It's just...too much. And yet all the same. Which makes your sort of unnameable feelings understandable. So. Yeah.

(Sorry, this was wordy. I should probably write my own things more, huh?)

Stephen said...

I think that story has to be read in conjunction with this one:

Rachel said...

Maybe you don't like the guy's whining? That is very off-putting. I can't sympathize with him.

(Lisa, the sock puppet dog is still one of my mom's favorites EVER. We bought her a version of the puppet years ago and it still makes us all very happy. Weird but true!)

Anonymous said...

I think what's bothering you is that you want your city back and you can't have it. What we knew when we got here in the mid-90s is gone. I'm sad it's gone, but I also don't mind seeing what comes next.

Individual apps/websites (instacart/webvan) and assholes come and go, but there is something dynamic and interesting about the startup culture as a whole. 20 years ago the idea of a major city dependent on them for economic growth would have seemed insane. Now it's accepted (even if it's still insane).

It'll never be 1996 again. And while that makes me sad, I'm still excited to see what the kids coming after this latest generation will do with all this nonsense. My guess is things will come full circle and SF will be cool again by 2025.

Andrea said...

I got here in 1991, just one month before my 21st bday. SF was a different place than it is today, but SF is always changing, sometimes for the better and sometimes for the worse (I think right now is one of those "sometimes for the worse" times)

What bothers me about this particular change in SF is that the community is gone. Nobody talks to each other anymore. Why would you? There's an app that will do the talking for you, and another app that will listen. This particular change in SF is robbing us of our social skills.

Stepping off soap box ..... now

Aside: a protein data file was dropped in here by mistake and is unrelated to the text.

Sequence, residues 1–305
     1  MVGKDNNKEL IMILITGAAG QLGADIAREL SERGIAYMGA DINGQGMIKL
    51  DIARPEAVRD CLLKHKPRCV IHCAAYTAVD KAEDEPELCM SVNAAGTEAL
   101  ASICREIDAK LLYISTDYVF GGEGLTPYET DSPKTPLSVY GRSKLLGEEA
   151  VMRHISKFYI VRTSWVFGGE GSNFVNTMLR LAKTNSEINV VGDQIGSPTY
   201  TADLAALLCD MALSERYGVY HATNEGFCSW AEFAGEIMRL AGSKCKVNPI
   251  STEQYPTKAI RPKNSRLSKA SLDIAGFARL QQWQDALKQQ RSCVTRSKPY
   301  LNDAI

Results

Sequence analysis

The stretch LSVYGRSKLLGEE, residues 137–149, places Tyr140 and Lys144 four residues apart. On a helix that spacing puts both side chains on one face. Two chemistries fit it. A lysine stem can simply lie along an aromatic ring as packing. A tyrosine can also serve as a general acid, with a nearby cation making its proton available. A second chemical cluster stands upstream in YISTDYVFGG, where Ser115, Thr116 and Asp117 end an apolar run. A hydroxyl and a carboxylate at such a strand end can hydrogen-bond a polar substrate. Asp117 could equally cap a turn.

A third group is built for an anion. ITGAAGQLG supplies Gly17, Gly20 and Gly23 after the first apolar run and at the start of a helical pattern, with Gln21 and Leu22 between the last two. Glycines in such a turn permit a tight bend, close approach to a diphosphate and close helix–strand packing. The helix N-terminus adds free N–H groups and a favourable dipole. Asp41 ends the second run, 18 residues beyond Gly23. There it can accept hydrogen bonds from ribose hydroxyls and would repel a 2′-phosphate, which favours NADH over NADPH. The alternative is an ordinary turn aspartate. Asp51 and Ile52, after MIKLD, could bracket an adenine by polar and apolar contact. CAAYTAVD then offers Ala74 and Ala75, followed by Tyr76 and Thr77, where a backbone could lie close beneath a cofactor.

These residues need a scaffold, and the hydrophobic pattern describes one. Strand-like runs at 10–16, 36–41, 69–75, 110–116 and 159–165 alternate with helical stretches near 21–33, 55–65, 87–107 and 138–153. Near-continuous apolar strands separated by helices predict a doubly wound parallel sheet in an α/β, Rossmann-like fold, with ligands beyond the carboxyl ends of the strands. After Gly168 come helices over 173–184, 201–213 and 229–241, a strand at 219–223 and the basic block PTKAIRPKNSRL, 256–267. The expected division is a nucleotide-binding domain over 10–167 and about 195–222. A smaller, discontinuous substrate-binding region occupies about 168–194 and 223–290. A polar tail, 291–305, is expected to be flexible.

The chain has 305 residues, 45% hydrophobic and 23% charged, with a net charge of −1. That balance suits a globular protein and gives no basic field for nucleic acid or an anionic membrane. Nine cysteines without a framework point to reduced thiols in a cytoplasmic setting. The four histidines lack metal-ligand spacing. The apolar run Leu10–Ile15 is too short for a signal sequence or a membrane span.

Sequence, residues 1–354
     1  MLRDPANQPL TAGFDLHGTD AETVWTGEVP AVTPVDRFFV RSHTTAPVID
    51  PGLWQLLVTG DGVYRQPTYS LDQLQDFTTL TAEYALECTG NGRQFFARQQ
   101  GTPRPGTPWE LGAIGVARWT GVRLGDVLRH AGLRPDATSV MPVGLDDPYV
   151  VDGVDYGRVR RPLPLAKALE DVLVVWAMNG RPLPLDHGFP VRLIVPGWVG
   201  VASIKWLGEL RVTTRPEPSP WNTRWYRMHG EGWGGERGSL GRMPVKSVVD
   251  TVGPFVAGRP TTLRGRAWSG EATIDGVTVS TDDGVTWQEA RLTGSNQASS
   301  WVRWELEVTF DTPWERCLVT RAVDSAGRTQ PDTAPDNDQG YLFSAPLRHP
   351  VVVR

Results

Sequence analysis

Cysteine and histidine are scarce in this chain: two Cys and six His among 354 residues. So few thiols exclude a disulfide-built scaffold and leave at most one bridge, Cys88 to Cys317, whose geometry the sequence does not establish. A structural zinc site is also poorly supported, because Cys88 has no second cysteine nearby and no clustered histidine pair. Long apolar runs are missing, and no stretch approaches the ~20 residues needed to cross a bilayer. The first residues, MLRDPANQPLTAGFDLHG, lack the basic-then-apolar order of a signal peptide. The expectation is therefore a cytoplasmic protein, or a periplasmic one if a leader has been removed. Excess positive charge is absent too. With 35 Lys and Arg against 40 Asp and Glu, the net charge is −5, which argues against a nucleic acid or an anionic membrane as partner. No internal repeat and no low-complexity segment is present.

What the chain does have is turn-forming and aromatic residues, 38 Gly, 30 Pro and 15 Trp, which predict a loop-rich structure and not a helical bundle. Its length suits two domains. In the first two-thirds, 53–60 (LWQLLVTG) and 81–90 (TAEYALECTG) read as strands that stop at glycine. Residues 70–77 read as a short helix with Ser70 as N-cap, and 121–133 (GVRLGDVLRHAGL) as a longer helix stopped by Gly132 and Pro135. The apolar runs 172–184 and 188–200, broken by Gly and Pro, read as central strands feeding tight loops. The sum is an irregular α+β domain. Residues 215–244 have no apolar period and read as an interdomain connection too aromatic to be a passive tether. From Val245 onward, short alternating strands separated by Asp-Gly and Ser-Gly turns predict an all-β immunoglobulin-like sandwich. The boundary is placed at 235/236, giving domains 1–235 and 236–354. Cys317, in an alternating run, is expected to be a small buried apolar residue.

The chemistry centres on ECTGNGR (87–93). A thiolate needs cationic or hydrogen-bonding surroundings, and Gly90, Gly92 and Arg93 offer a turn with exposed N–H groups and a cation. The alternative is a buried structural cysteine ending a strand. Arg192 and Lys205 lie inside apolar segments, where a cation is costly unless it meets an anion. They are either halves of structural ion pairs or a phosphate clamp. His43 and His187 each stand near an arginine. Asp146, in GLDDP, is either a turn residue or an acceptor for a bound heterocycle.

TK said...

All good comments, couple of specific responses:

green flaneur - I certainly hope you're right and this is just the growing pains that will give way to a better SF. And yeah, of course everyone is nostalgic for the Way Things Used to Be. I just read somewhere that everyone wants their city to be just like it was the day they moved there. When I moved here the Embarcadero Freeway was still up, so no, but I get the point.

Andrea - Yeah, that's kind of the point I was trying to make. When you have apps to do everything that used to require face-to-face contact with other people, you start to lose a sense of community. Maybe!

Lisa - There's definitely a deja vu element, and, as I hinted, I don't see how Washio and some others of that ilk can stay in business. I'm pretty sure there will never be a sudden retraction like we saw in 2000-2002 though.

Thanks for the thoughts, guys.

Unknown said...

Over the last year or so, I’ve definitely become one of those people who outsource everything. I use Uber, Lyftline (for when I need to go somewhere further away) and Washio for dry cleaning and laundry. Washio is AMAZING if you haven’t used it. It’s like Uber in that you request a ninja to come to your house, they arrive within whatever half hour time window you select, give you a cookie and reusable bags and then return your clothes ready to put away the next day. SUCH a time saver and actually really affordable. If anyone wants to try it, use the code DAPPER10 for $10 off your first order.